E28: Fatal Encounters: Documenting Police Related Deaths in the U.S. (w/ Brian Burghart)
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On this episode, Brian Burghart and I discuss his work to document every police related deaths in the U.S. since the year 2000. We talk about the lack of a comprehensive government run national database, why he came to create Fatal Encounters, what was required to create it, how it’s managed, and the future of the database.

From www.fatalencounters.org:

Hi, my name is D. Brian Burghart. I’m a lifelong, award-winning journalist. I’ve got two master’s degrees–one in English writing and one in journalism. I’m the former editor/publisher of the Reno News & Review and a former journalism instructor at the University of Nevada, Reno. These days, I’m founder and executive director of Fatal Encounters Dot Org and a part-time researcher for the University of Southern California.

I’m based in Reno, Nevada, but I’m currently traveling and seeing how far I can push Verizon’s Unlimited limits. I’ve created this page because I believe in a democracy, citizens should be able to figure out how many people are killed during interactions with law enforcement, why they were killed, and whether training and policies can be modified to decrease the number of officer-involved deaths.

Fatal Encounters intends to help create a database of all deaths through police interaction in the United States since Jan. 1, 2000. We are not a finished product. We’re just the first step toward creating an impartial, comprehensive and searchable national database of people killed during interactions with police. We expect other media organizations, law enforcement, universities, artists and activist groups will advance our work, and that’s why we let anyone use the data for any reason for free.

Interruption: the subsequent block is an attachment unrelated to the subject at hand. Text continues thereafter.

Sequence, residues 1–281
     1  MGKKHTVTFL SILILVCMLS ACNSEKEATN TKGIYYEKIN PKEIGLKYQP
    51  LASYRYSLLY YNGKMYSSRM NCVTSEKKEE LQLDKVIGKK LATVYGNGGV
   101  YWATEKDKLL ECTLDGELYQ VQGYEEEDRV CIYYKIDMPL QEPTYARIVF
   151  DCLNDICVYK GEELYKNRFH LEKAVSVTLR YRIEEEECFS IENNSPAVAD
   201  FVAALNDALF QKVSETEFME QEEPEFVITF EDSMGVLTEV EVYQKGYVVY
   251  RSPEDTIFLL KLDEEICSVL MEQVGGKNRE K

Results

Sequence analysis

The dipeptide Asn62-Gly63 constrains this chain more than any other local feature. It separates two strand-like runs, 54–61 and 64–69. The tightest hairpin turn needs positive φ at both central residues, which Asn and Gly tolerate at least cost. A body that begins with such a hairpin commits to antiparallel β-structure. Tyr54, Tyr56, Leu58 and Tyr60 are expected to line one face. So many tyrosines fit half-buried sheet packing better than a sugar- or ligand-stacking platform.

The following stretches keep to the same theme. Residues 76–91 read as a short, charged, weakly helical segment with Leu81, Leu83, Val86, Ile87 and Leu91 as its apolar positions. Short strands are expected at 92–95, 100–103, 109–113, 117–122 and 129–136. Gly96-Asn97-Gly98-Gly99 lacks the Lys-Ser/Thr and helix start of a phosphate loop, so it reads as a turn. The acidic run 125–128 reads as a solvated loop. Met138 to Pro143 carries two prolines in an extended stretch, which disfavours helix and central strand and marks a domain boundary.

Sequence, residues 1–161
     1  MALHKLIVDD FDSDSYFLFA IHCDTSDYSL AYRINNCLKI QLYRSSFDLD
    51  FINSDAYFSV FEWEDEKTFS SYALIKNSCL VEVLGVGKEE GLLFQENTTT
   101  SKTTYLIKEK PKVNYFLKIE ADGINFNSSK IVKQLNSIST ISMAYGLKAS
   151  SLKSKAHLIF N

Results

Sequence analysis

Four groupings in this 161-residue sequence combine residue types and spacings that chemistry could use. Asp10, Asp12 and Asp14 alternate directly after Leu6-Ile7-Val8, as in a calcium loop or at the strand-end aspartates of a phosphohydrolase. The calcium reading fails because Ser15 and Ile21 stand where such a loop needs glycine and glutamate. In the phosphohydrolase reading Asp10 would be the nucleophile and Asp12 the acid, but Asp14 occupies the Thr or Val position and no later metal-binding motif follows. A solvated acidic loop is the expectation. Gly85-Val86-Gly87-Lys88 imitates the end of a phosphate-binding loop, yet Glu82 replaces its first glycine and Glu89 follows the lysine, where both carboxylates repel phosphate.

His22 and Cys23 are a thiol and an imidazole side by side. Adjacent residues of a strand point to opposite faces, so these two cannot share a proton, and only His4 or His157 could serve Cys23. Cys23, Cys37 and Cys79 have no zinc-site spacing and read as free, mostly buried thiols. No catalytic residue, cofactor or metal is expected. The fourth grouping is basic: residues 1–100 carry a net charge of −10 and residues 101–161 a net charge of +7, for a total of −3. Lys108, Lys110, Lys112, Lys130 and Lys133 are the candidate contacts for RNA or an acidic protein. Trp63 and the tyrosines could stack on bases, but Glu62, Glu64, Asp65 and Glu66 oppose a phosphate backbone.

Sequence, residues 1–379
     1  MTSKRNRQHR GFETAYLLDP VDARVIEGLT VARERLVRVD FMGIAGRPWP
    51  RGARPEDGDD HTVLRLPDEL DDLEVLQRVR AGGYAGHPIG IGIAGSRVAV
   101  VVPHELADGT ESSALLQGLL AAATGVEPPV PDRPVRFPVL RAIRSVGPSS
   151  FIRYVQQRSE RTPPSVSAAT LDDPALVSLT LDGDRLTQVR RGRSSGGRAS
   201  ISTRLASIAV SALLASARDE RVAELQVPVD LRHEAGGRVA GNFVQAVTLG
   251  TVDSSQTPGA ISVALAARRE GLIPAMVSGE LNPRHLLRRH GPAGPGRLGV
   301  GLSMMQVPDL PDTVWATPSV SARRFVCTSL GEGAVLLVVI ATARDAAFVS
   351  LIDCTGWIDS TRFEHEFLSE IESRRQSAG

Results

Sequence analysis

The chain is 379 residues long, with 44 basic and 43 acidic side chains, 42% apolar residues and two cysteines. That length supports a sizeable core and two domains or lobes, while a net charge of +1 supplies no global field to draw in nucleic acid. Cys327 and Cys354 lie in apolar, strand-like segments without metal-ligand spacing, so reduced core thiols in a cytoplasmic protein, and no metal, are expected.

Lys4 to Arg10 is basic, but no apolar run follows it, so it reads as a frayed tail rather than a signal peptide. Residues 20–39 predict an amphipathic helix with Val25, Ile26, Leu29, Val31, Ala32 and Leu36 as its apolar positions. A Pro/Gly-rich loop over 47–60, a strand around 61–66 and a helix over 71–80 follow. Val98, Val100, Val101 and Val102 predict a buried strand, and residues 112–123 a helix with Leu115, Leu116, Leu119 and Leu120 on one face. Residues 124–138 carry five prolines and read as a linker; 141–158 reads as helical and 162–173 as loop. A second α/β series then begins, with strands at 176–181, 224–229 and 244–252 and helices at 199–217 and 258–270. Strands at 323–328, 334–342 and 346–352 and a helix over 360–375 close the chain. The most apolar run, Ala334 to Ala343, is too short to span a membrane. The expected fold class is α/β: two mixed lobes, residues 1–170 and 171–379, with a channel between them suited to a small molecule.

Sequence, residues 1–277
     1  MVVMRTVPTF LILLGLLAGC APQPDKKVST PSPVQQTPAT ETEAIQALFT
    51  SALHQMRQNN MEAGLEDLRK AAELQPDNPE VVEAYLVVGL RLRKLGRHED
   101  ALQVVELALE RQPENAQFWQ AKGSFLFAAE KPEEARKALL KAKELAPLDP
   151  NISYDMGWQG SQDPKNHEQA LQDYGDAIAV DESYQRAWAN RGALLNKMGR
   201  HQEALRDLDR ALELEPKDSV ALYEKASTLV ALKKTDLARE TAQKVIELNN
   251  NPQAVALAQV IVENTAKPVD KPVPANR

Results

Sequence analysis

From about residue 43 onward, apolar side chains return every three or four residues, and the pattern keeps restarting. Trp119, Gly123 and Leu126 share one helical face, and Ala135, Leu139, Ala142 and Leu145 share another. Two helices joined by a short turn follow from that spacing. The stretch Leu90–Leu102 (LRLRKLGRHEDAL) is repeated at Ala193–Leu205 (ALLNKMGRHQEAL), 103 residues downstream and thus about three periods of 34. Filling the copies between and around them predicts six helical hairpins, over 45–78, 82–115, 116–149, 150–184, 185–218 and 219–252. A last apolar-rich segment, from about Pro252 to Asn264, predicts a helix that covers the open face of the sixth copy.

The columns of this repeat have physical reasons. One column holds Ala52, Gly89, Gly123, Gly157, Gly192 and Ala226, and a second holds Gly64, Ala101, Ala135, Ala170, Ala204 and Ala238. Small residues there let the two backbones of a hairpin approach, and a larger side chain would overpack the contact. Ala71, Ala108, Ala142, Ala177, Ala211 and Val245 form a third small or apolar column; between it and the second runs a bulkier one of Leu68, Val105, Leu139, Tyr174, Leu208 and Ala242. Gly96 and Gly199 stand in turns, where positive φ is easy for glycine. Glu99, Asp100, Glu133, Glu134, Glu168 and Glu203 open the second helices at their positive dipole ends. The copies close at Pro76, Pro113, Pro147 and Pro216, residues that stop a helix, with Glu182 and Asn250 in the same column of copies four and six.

This site will remain as impartial and data-driven as possible, directed by the theory that Americans should be able to answer some simple questions about the use of deadly force by police: How many people are killed in interactions with law enforcement in the United States of America? Are they increasing? What do those people look like? Can policies and training be modified to have fewer officer-involved shootings and improve outcomes and safety for both officers and citizens?

Tom Baker has been a PhD student in UMSL’s Criminology and Criminal Justice program since 2017. Tom received his BA in Political Science from Arizona State University and worked as a police officer for approximately nine years. His research interests include police culture, use of force, and qualitative research methods. 

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